New Mexico News Plus
A bipartisan group of lawmakers in the U.S. Congress on Thursday asked the Justice Department to clarify how a looming rule change to the government's hacking powers could impact privacy rights of innocent Americans.
The Supreme Court in April approved amendments to Rule 41 of the federal rules of criminal procedure that would allow judges to issue warrants in cases when a suspect uses anonymizing technology to conceal the location of his or her computer or for an investigation into a network of hacked or infected computers, such as a botnet.
Those amendments will take effect on December 1 of this year unless Congress passes legislation that would reject, amend or postpone the changes. Some lawmakers, led by Democratic Senator Ron Wyden of Oregon, have introduced legislation that would halt the changes, but it has yet to gain much traction. -- 10/27/2016
Governor vetoes $22M in budget cuts -- Santa Fe New Mexican
Gov. Susana Martinez signed a bill Monday that reduces state spending by $150 million. But the Republican governor stopped short of giving lawmakers all the cuts they asked for and accused them of trying to “gut classroom spending” meant to help struggling schools and students.
Using line-item vetoes, the governor rejected $22 million in cuts passed by the Legislature during a special session last month to education initiatives backed by her administration, including a controversial teacher evaluation program. -- 10/25/2016
If there's one rule that most parents cling to in the confusing, fast-changing world of kids and media, it's this one: No screens before age 2.
As of today, that rule is out the window.
The American Academy of Pediatrics, which first issued that recommendation back in 1999, has extensively updated and revised its guidelines for children and adolescents to reflect new research and new habits. -- 10/21/2016
Feds to look closer at oil, gas drilling near Chaco Canyon -- Santa Fe New Mexican
The federal government announced Thursday that it will study the potential effects of drilling on public and tribal lands near Chaco Culture National Historical Park in the San Juan Basin, an area that is one of the state’s largest centers for oil and gas production. -- 10/21/2016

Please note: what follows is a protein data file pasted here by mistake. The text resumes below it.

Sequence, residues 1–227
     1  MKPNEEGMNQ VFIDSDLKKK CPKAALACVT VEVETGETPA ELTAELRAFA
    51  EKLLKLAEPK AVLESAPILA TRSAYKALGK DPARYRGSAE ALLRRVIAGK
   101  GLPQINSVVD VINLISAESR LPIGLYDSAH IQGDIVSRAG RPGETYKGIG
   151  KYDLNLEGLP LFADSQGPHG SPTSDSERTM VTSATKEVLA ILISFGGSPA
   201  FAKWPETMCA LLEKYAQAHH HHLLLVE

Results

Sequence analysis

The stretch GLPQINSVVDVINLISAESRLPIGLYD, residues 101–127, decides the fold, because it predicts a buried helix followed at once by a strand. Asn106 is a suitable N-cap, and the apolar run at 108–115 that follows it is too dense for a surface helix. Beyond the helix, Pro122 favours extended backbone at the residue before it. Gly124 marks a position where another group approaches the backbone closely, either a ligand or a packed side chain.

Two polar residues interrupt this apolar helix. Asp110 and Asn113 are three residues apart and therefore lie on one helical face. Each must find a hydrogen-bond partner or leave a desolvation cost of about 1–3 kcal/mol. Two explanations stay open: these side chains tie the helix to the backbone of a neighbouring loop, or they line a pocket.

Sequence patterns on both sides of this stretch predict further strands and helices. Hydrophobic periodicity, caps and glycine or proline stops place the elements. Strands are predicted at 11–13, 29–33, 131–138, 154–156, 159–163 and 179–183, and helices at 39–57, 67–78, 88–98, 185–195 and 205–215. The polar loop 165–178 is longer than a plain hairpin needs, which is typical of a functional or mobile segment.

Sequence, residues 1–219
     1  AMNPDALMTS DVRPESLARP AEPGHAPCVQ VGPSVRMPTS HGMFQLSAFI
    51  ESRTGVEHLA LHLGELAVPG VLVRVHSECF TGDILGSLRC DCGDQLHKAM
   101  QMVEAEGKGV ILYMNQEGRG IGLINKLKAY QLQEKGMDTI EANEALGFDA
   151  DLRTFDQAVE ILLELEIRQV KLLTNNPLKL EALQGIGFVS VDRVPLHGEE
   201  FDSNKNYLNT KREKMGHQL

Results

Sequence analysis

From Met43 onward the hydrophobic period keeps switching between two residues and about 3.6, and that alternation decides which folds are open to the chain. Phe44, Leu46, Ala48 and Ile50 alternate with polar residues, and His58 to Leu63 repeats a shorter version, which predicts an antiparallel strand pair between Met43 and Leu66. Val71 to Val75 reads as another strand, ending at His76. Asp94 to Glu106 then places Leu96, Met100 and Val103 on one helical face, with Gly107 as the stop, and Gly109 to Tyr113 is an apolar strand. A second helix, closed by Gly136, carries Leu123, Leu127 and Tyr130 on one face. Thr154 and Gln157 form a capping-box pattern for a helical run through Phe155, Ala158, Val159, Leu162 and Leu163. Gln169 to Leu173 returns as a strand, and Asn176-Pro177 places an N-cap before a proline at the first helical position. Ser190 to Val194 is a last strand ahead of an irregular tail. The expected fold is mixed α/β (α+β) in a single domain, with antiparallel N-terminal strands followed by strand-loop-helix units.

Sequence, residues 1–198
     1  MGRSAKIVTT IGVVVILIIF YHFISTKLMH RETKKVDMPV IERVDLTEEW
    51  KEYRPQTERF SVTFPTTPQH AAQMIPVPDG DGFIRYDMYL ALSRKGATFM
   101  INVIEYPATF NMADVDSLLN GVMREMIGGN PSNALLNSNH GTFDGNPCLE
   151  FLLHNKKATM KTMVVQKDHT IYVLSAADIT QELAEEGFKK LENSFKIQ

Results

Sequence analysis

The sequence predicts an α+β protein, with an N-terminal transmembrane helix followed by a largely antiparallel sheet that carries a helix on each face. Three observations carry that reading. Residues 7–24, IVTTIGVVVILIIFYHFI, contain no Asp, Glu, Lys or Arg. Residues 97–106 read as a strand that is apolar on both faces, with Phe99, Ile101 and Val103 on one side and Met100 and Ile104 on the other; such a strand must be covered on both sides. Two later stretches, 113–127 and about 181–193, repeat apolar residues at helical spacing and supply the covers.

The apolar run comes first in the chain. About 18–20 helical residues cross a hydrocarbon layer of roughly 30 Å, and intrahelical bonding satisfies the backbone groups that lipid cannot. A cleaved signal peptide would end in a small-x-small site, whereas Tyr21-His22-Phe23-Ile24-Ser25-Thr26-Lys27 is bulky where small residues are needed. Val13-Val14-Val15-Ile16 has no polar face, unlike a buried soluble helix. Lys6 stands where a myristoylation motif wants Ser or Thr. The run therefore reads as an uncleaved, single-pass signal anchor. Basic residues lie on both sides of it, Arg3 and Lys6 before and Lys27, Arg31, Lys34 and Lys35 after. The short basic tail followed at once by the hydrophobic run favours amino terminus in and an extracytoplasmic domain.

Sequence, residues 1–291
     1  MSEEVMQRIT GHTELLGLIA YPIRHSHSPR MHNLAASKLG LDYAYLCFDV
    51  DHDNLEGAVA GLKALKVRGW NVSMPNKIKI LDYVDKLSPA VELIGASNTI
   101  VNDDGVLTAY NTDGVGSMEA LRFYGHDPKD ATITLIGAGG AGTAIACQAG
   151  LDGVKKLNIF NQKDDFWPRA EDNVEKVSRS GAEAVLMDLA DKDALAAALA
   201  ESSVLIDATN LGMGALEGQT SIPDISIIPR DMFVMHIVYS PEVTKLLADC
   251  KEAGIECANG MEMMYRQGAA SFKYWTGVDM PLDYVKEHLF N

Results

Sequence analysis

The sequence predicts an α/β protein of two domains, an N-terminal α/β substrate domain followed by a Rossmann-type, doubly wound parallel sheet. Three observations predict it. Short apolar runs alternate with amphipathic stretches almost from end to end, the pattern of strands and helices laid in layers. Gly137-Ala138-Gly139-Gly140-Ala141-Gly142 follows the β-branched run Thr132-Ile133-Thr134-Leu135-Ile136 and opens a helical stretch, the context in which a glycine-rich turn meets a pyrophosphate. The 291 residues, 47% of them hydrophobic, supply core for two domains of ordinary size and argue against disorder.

Requirements to get ID under two-tier license program draw criticism -- Santa Fe New Mexican
The state’s effort to implement a new two-tier driver’s license system is coming under fire from critics who say proposed rule changes will make it too difficult for immigrants, the homeless and even domestic violence victims to obtain a state identification card.
Advocates for the various groups packed a public hearing at the New Mexico Taxation and Revenue Department on Tuesday to voice concerns over the agency’s proposed regulations. -- 10/19/2016
Mammograms a must for New Mexico women– Las Cruces Sun News
Friday, Oct. 21, is National Mammography Day. It’s a day scheduled in the month of National Breast Cancer Awareness Month where women are encouraged to make a mammography appointment — with good reason.
The New Mexico Department of Health reports that breast cancer remains the most common cancer among women in the state and the second leading cause of cancer death among New Mexico women. Each year an estimated 1,300 women will be diagnosed with breast cancer in New Mexico and nearly 250 women will die. Every year, about 200,000 new cases of breast cancer are reported nationwide and more than 40,000 women die from the disease. -- 10/19/2016
Authorities: 20 drug overdose deaths in New Mexico this year– Las Cruces Sun News
The New Mexico Department of Health and the New Mexico Office of the Medical Investigator are investigating 20 drug overdose deaths in New Mexico this year that were likely caused by illicitly manufactured fentanyl. The overdose victims ranged in age from 17 to 63 and 85 percent were male. - - 10/7/2016
U.S. Government To Pay $492 Million To 17 American Indian Tribes -- NPR The Two-Way
The U.S. government has agreed to pay a total of $492 million to 17 American Indian tribes for mismanaging natural resources and other tribal assets, according to an attorney who filed most of the suits.
In a joint press release by the Departments of Interior and Justice, Secretary of the Interior Sally Jewel said, "Settling these long-standing disputes reflects the Obama Administration's continued commitment to reconciliation and empowerment for Indian Country."
The settlements mark the end of a push by the Obama administration to resolve what the U.S. says is more than 100 lawsuits totaling more than $3.3 billion brought by American Indian individuals and tribal governments against the federal government. The policy of reaching settlements on the disputes, some of which date back more than a century, is part of a campaign promise the president made to American Indians before he took office. -- 9/27/2016
Rudolfo Anaya honored for ‘pioneering stories’ -- Albuquerque Journal